Year after year, we looked on—and dutifully reported—as Canon’s Pixma MX series of office-centric all-in-one (AIO) inkjets floundered a bit in the small-office and home-office (SOHO) market. They certainly weren’t (and aren’t) bad products, by any means. But from model to model, they tended to be outclassed in one major way or another.
Therefore, it’s good to see that the Japanese imaging giant finally came to the realization—judging from its revised product line—that high-volume, inexpensive-to-use inkjets can be more practical than their color-laser and LED (laser-class) counterparts. Its competitors (primarily Brother, Epson, and HP) figured that out years ago. In response, in late 2014 Canon unveiled a new “Maxify” family of office-ready inkjets that hold up nicely—in terms of print speed, volume ratings, and cost per page (CPP)—to most other high-volume inkjet AIOs in the marketplace.
Perhaps we’re being a little disingenuous. We suspect Canon has known full well how important high-volume printers are to small and medium-size businesses (SMBs). After all, for quite some time, the company has been building laser-printer engines not only for its own customers and its ImageClass line, but also for HP. Possibly, Canon saw how high-volume inkjets could be a threat (and they certainly are) to its laser-printer interests—and the writing on the wall just couldn’t be ignored anymore.
In any case, the good news is that Canon’s new Maxify line of business-ready inkjets all look to be decent printers, although some may prove to be more decent than others. They range in price from $149.99 (MSRP) for the single-function Maxify iB4020 to $399.99 (MSRP) for the high-volume Maxify MB5320 Wireless Small Office All-in-One, the flagship model we’re reviewing here.
This first round of Maxify models consists of four MFPs and a single-function (print-only) workhorse. Of the four MFPs, two of them, the $199.99-list MB2320 and MB5320, have two spacious input trays, while the $179.99-list MB2020 and $299.99-list MB5020 have only one. In addition, the two MB5000 series models have twice the maximum monthly duty cycle (the maximum number of pages the manufacturer says you can print each month without premature wear on the printer) than the two MB2000 series machines: 30,000 pages monthly on the MB5000 series, versus 15,000 on the MB2000 series.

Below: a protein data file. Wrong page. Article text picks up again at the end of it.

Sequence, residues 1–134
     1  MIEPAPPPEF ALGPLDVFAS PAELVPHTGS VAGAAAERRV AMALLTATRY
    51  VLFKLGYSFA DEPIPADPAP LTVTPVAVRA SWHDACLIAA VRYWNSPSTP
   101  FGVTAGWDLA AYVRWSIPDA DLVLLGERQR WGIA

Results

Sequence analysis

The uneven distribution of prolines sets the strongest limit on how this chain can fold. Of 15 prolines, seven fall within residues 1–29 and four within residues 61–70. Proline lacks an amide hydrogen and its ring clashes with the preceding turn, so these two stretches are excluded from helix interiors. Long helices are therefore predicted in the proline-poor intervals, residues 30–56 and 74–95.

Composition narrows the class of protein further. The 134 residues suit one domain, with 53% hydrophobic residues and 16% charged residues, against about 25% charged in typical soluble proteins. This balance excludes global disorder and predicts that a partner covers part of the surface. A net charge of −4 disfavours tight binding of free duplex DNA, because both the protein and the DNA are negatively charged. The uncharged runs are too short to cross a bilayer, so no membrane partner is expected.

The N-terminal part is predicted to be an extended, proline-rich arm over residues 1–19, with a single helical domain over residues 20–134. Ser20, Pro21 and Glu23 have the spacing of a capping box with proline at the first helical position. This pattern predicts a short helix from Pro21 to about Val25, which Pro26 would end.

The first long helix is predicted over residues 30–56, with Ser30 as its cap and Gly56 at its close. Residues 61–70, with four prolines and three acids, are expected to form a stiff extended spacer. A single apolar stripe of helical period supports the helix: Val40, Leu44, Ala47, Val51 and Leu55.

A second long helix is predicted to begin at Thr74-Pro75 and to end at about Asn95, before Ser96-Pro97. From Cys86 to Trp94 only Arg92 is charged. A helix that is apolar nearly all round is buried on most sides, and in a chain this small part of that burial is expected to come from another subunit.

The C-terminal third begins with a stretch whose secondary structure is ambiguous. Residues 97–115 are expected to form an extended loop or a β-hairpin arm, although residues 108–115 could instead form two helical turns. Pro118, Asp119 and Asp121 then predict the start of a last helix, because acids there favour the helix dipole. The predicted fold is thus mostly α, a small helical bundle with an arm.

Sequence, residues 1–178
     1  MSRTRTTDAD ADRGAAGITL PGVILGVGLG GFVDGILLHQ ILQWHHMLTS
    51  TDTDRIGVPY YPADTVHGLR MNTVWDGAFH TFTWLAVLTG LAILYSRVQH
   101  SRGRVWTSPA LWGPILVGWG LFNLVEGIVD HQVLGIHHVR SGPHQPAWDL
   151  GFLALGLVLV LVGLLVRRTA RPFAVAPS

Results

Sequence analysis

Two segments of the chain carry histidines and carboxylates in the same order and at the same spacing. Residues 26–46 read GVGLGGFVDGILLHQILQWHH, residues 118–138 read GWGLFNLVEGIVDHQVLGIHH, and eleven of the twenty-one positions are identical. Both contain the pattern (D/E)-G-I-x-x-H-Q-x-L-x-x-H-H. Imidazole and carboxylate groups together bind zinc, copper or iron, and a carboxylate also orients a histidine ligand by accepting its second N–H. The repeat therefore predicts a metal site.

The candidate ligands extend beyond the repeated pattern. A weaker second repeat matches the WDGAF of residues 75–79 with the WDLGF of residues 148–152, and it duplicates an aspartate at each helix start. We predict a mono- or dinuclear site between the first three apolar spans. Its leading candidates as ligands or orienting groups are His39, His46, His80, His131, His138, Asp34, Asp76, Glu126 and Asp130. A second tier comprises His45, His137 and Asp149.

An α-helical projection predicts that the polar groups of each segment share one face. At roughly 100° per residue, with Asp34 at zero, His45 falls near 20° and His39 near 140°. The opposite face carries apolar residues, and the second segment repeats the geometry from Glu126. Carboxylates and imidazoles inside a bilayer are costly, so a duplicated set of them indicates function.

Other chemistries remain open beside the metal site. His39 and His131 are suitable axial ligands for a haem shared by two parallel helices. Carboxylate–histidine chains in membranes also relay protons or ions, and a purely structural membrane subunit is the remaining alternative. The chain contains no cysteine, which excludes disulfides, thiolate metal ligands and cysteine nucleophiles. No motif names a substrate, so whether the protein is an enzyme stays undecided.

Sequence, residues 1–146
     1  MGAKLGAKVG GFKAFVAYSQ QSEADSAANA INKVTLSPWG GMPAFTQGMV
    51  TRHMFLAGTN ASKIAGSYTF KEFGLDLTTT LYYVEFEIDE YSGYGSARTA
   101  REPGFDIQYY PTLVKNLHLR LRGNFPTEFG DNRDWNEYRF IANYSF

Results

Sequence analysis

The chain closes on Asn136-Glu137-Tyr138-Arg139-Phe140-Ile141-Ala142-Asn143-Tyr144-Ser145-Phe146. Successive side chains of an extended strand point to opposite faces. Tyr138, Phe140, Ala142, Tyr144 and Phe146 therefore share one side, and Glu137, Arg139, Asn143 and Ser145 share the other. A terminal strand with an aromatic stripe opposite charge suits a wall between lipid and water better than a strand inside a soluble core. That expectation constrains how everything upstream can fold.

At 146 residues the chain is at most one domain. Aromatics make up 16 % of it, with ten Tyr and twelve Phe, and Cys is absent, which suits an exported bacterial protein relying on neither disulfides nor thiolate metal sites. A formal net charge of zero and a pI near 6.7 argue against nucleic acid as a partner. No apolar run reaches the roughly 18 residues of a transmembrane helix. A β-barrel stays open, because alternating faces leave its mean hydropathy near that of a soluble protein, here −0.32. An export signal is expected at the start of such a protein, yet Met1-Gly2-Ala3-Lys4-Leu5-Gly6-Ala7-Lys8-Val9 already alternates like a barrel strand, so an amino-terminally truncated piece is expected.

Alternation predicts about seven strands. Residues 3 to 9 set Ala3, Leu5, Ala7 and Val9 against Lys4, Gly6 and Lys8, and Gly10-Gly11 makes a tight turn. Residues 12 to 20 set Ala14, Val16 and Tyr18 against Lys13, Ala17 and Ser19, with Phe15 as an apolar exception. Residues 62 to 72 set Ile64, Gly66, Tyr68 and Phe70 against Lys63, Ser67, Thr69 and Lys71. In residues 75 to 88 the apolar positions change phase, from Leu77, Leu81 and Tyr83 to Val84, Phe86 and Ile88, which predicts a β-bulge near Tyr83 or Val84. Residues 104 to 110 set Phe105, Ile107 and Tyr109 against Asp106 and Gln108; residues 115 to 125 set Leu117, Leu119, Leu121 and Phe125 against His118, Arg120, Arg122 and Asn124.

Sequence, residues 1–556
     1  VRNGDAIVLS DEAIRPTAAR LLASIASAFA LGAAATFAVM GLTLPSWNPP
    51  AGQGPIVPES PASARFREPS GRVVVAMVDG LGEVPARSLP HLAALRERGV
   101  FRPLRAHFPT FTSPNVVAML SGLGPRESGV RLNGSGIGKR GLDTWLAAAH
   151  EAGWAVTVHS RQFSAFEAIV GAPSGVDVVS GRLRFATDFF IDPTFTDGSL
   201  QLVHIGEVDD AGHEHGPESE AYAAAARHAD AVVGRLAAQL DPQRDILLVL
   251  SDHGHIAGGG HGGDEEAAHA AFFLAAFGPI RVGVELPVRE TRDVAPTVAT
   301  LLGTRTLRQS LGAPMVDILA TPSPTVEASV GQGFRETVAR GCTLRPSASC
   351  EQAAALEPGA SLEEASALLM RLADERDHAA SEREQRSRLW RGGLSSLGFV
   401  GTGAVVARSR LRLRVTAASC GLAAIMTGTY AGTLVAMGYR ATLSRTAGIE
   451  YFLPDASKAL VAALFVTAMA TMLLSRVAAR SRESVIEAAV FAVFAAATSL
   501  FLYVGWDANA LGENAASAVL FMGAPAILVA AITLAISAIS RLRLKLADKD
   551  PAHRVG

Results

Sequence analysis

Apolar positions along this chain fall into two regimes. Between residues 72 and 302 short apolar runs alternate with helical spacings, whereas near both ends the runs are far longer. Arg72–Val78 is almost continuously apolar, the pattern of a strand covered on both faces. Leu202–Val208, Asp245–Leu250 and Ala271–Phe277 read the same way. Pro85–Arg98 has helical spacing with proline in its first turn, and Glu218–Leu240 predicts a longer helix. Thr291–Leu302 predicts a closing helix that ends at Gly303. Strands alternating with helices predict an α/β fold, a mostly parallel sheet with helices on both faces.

Versus the less-expensive MB2000 machines, the MB5000 series models are also faster; they have slightly larger touch screens, as well as auto-duplexing ADFs; and, most important, they sport a much lower cost per page (CPP). Where it counts, the MB5000 machines are essentially twice the printer of their parallel MB2000 models—at roughly double the list price.
As high-volume inkjets go, the Maxify MB5320 is a good one. Not only is it loaded with productivity and convenience features, but, as described in the Setup & Paper Handling section later on, it uses high-volume, efficiently priced ink cartridges, greatly increasing its overall value. Overall, we found little to quibble with in this printer, but it does compete with a few well-established high-volume models from Epson, Brother, and HP. In short, this Maxify model is a very fine AIO, but then so are its primary competitors, which includes Epson’s five-star, $299.99-list WorkForce Pro WF-4630.
It would be tough to say that this Maxify is “better” than similarly priced MFPs—you can find some great high-volume inkjet machines out there, such as Epson’s $399.99-list WorkForce Pro WF-5690, which we’re in the process of reviewing. This Maxify is one of those well-built, feature-rich machines that does just about everything, and does each thing well. It excels at high-volume output, which is what it was built for.
What, eventually, may set it apart is price. Depending on how the pricing trends go on this machine, it could end up being an even better value than when we reviewed it. When we wrote this in mid-January 2015, the major online e-tailers were selling it at its full $399.99 MSRP, though we did see one, briefly, discounting it heavily—more on that at the end of the review.
Read entire review at Computer Shopper.